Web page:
(CNSNews.com) -- A new survey from Gallup shows that 73% of American adults (18 and older) support raising the minimum age to purchase tobacco products to 21. Only 27% oppose raising the age to 21. Eighteen states have passed laws that raise the age and there is a federal proposal to do the same at work in the Senate.
In the July 1-12 survey or 1,525 adults, Gallup asked, "Would you favor or oppose raising the minimum age for purchasing tobacco products to 21 years of age?"
Among national adults, 73% said they favor raising the age, 27% oppose raising the age, and 1% had no opinion. (By gender, 76% of women and 69% of men favored raising the age.)
Even among current smokers, 64% supported raising the minimum age to 21. An estimated 15% of Americans currently smoke cigarettes regularly.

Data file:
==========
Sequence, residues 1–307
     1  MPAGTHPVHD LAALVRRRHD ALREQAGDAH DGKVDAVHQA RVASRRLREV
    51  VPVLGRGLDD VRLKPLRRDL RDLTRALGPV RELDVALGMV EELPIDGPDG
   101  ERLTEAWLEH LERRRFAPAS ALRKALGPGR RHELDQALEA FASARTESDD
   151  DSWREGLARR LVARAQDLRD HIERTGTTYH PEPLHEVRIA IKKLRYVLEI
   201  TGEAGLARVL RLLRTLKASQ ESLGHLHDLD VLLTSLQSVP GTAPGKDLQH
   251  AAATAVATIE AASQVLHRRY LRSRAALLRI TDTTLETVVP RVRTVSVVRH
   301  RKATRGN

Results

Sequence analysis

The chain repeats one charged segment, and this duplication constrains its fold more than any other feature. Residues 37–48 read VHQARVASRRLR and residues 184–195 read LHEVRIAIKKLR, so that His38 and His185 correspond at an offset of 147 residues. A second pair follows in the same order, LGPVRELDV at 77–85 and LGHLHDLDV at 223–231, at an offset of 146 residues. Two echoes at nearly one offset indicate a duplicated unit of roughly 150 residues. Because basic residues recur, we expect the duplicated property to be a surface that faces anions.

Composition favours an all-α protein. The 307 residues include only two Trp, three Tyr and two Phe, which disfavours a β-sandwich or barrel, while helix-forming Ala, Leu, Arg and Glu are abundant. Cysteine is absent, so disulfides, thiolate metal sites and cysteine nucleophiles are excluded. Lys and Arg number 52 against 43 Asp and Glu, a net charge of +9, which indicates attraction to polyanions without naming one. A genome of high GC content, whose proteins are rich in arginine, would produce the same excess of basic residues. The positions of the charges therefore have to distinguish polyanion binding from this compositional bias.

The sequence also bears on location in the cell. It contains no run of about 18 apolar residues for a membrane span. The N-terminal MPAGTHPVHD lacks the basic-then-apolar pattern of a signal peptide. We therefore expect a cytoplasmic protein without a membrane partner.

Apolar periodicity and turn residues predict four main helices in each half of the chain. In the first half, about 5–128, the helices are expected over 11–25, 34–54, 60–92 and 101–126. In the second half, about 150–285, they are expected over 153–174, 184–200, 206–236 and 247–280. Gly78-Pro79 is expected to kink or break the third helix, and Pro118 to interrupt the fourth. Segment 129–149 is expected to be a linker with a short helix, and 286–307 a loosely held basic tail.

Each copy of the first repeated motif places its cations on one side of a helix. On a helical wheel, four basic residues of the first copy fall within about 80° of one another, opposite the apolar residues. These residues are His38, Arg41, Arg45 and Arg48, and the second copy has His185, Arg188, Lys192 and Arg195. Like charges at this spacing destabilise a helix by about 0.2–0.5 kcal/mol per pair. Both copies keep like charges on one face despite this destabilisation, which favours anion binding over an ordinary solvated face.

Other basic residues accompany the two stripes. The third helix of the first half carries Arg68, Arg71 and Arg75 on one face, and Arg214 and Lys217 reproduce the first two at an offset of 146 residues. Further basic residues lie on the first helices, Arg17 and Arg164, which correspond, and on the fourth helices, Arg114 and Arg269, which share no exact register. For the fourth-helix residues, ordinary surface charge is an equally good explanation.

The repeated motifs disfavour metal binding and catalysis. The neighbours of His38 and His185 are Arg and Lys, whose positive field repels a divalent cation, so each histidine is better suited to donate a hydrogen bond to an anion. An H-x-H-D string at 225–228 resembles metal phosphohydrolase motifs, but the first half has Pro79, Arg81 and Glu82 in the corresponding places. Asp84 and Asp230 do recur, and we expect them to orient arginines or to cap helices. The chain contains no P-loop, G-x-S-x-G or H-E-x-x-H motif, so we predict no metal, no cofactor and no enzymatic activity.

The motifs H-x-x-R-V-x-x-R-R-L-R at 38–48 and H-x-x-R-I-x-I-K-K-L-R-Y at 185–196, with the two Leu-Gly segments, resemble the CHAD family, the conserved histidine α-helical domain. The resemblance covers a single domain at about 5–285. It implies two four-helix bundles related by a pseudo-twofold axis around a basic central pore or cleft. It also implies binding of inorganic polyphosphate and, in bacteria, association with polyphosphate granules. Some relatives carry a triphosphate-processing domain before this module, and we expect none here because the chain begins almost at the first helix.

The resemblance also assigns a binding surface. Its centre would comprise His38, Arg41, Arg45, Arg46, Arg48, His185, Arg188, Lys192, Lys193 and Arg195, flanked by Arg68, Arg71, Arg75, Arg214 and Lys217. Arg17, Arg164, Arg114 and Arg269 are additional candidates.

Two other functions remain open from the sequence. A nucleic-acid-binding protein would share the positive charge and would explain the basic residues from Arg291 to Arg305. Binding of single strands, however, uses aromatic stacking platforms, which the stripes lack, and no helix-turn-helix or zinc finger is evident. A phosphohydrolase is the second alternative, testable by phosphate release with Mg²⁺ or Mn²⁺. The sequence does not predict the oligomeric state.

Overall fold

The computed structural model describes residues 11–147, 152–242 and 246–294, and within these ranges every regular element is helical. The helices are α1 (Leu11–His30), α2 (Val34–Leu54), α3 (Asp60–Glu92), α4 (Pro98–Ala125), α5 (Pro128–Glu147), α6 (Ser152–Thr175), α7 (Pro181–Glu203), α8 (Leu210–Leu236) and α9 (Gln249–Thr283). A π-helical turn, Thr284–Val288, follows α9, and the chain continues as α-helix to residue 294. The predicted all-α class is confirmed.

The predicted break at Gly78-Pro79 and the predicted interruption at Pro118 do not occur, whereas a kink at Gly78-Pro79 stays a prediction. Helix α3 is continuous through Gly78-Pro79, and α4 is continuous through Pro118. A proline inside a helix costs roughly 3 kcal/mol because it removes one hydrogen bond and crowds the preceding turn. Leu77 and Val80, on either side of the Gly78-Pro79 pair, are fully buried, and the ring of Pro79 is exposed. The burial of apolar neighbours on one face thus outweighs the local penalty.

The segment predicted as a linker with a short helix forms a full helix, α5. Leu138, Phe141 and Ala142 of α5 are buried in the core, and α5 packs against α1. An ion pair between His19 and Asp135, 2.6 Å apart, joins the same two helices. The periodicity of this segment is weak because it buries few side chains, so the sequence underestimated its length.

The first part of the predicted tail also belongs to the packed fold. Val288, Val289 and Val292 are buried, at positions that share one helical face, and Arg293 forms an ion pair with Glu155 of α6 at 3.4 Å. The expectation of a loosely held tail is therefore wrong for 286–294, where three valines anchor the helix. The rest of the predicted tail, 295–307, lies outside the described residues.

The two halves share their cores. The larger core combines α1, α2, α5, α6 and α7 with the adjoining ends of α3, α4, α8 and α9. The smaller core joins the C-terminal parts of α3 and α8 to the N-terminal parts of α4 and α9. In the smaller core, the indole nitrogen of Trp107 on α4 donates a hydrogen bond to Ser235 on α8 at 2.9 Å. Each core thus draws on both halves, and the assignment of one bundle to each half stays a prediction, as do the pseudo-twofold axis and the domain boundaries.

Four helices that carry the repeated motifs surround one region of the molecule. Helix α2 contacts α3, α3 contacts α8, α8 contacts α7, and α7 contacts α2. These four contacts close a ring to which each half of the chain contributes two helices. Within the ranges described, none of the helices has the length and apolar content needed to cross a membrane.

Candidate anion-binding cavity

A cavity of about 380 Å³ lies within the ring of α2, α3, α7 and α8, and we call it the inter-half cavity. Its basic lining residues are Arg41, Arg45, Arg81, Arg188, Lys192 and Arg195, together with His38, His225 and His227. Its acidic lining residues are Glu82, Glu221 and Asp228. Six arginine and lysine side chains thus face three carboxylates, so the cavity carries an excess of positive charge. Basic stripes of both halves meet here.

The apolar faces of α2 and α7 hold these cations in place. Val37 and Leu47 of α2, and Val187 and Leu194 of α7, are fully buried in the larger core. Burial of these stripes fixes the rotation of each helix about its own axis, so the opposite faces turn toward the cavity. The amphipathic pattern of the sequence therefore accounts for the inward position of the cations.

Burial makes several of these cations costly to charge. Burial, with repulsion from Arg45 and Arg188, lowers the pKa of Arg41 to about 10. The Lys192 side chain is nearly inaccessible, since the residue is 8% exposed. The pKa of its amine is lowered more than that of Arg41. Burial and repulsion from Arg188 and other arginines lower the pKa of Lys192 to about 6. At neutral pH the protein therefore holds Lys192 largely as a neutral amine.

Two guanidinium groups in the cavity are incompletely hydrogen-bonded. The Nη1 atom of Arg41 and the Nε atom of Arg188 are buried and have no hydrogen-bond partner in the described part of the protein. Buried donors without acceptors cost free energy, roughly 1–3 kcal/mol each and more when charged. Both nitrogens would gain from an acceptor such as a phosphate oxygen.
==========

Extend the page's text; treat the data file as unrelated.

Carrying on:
"Roughly half of the state laws to raise the minimum age to buy tobacco have already gone into effect, while the other half will take effect within the next two years," reported Gallup. "In addition to the regionally diverse patchwork of states that have raised the minimum age for purchasing tobacco, hundreds of municipal governments across the U.S. have done the same."
"Support for raising the minimum age for tobacco purchases is strongest among adults aged 65 and older -- though majorities of other age groups support the policy change as well," said the survey firm. "Support is a bit lower among young adults aged 18 to 29 -- some of whom the policy would affect -- but even among this group, two in three support it."
Gallup further found that 62% of American adults support banning smoking in all public places but only 22% support "banning smoking in the U.S. entirely."